Botanical extract eliminates the bacteria that can damage a brand’s reputation
The soft drinks industry has long been plagued by a bacteria that can ruin fruit juices, flavored water and iced tea as they sit on supermarket shelves.
But an Israeli startup has found the silver bullet that could banish the problem forever.
If you’ve ever opened a carton of apple juice and found it unnaturally cloudy and smelly, then you’ve encountered Thermophillic Acidophilic Bacteria (TAB). And if you actually tried a sip – and then spat it out – you’ll know it tastes like the worst medicine.
It can occur in any non-fizzy, non-alcoholic drink. It’s harmless, though unpleasant for the consumer. But it can seriously damage the manufacturer’s reputation, costing them time, money, and the risk of an expensive recall.
The TAB spores are invisible and resistant to pasteurization (they actually like the process, because it kills other predator microbes).
Drinks companies do everything they can to check the ingredients for any signs of TAB, but there’s been no guaranteed method of eliminating it. Until now.
Foodtech startup Resorcix, founded in Jerusalem in 2017, has identified a secret botanical ingredient which prevents the dormant spores from developing into bacteria. It disintegrates the TAB cells in their germination phase.
The spores typically thrive in warm conditions and an acidic environment, but a single teaspoon of the ingredient trademarked as Flavorwatch, added to almost 30 litres of drink will halt them in their tracks.
The Resorcix team, including microbiologist Dr Lior Sinai, identified the ingredient after screening and isolating plant extracts that were known biologically as anti-inflammatory and antibacterial, but which had never been tested to combat food spoilage.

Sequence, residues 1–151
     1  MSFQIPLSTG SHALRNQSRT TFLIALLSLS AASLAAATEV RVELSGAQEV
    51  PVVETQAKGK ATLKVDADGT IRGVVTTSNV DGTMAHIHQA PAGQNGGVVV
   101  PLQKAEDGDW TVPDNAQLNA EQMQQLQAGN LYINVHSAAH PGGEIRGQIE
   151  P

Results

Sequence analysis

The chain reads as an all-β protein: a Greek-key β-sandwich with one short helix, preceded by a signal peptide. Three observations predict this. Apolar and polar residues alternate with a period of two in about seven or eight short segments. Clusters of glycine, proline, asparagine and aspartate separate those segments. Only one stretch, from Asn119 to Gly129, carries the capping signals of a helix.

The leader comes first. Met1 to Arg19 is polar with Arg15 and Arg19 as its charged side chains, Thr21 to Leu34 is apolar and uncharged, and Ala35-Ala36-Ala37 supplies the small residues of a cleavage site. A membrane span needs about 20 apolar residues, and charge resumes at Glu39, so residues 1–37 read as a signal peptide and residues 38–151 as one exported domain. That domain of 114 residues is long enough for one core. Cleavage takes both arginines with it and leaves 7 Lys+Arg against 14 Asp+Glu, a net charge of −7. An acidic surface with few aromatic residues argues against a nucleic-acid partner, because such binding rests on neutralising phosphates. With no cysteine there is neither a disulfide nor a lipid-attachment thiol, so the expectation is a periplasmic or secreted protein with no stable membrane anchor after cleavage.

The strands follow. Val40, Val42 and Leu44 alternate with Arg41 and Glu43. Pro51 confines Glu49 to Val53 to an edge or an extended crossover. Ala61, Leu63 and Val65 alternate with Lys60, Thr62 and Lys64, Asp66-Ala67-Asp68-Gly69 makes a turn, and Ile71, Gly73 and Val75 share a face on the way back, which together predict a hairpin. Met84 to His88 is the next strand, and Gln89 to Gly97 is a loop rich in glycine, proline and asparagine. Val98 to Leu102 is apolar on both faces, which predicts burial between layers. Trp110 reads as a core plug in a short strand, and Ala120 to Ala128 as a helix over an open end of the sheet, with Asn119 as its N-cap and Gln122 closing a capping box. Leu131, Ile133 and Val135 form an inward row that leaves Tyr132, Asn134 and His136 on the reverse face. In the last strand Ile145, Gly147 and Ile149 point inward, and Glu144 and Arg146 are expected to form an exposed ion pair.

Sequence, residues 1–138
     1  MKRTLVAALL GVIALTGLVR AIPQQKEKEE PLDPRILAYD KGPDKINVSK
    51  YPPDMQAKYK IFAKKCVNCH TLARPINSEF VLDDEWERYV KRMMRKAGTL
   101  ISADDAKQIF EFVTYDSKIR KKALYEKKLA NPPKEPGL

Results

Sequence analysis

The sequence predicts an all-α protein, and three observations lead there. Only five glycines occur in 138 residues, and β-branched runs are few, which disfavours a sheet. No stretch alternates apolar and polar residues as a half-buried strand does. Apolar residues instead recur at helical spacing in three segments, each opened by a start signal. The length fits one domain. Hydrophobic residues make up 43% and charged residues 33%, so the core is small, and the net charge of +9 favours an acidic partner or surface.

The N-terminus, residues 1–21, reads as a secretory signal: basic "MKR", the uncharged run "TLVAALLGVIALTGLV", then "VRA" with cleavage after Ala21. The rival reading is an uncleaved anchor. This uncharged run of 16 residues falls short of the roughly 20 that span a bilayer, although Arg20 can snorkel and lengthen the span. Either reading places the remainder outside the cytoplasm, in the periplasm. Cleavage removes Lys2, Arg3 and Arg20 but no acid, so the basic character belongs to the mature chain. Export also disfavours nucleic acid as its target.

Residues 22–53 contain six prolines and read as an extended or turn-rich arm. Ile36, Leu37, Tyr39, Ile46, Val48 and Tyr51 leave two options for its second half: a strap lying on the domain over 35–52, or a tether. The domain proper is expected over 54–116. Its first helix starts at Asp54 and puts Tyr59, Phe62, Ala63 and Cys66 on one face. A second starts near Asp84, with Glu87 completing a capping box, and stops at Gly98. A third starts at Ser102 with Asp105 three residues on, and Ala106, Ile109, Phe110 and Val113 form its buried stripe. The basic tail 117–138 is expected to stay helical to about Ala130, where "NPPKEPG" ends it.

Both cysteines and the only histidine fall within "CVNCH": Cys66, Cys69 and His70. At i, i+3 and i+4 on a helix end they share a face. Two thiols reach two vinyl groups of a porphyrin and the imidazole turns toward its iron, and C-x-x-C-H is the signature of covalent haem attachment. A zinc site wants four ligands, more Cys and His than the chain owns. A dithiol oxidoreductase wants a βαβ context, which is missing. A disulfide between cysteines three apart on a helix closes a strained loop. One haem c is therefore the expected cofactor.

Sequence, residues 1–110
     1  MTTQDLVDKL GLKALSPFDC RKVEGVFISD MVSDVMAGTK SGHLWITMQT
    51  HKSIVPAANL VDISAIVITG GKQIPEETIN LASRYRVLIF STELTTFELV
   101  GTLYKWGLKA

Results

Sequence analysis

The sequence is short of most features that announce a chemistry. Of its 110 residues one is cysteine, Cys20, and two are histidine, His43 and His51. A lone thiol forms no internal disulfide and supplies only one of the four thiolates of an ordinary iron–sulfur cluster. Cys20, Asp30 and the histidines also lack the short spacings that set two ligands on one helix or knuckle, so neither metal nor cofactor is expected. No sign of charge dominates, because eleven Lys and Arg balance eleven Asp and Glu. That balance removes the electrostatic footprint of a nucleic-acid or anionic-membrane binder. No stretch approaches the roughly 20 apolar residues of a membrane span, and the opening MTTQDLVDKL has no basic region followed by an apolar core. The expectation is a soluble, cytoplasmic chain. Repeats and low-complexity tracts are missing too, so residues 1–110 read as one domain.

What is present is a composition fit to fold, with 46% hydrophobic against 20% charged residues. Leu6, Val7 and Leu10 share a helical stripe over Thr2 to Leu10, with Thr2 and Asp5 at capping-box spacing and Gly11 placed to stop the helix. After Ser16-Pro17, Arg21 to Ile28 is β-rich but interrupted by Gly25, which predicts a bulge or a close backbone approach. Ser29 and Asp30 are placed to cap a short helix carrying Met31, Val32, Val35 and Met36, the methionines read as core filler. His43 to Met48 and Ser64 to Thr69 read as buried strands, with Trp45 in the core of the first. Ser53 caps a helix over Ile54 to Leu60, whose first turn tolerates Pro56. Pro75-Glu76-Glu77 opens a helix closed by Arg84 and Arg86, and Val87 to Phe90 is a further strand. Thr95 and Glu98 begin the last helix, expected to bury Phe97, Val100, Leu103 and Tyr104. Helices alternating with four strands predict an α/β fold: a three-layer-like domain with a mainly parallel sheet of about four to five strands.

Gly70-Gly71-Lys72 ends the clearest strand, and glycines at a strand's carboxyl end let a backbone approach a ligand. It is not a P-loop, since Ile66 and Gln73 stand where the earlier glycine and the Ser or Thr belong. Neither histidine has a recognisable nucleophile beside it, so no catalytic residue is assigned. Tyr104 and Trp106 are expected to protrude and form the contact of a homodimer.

“We are talking about a single plant, but it has over 160 compounds and we are just enhancing about five of these molecules,” Yehoshua Maor, pharmacologist, toxicologist, founder and chief scientific officer of the company, tells NoCamels.
“The precious rainforest is known to reveal surprising botanical treasures. Our Flavorwatch solution is based on a botanical oleoresin (thick concentrate) that naturally possesses anti-TAB spoilage properties.”
He won’t be persuaded, unsurprisingly, to name the plant in question.
“We extract kilos of it or even tonnes from the plant. It’s something like maple syrup. Since we need only a small fraction of it, we add some excipient (inactive ingredient) that we will enhance its volume,” he says.
“We only need 175 milliliters, which is about a cup of the final product, which is diluted already in 1,000 liters of ready to drink beverage.”
Flavorwatch has no smell, no flavor and no color, and you won’t find any mention of it on a list of ingredients.
TAB was first identified in Germany in 1982 after apple juice manufacturers were forced to recall their product because of widespread complaints.
The spores can enter the production process through sugar, pectin, water, and fruit concentrate.
Today drinks producer and bottlers test and isolate batches of drink from time to make sure they’re TAB-free, but it’s a costly process and is far from completely effective. Despite their best efforts they will typically experience one or two TAB problems every year.
So the Flavorwatch discovery is something of a milestone. Gat Foods, part of the Central Bottling Company, which produces Coca-Cola and Carlsberg lager in Israel, has bought a half share in Resorcix and is keen to promote the product.
“We are taking Flavorwatch from here, to promote it, to sell it and to find a production facility to produce it,” says Shachar Shaine, CEO of Gat Foods. “We decided to invest in the company. They developed the solution and we are taking it further.
“Consumers deserve full transparency and maximum quality throughout the entire shelf life of a beverage. But while TAB-related recalls can damage a company’s image and destroy consumer trust in the brand, we can help bottlers keep their positive brand image.”
Flavorwatch offers manufacturers a silver bullet, of sorts, but there’s a financial cost to consider, and it is not effective in orange juice and certain other drinks.
John Jeffay, NoCamels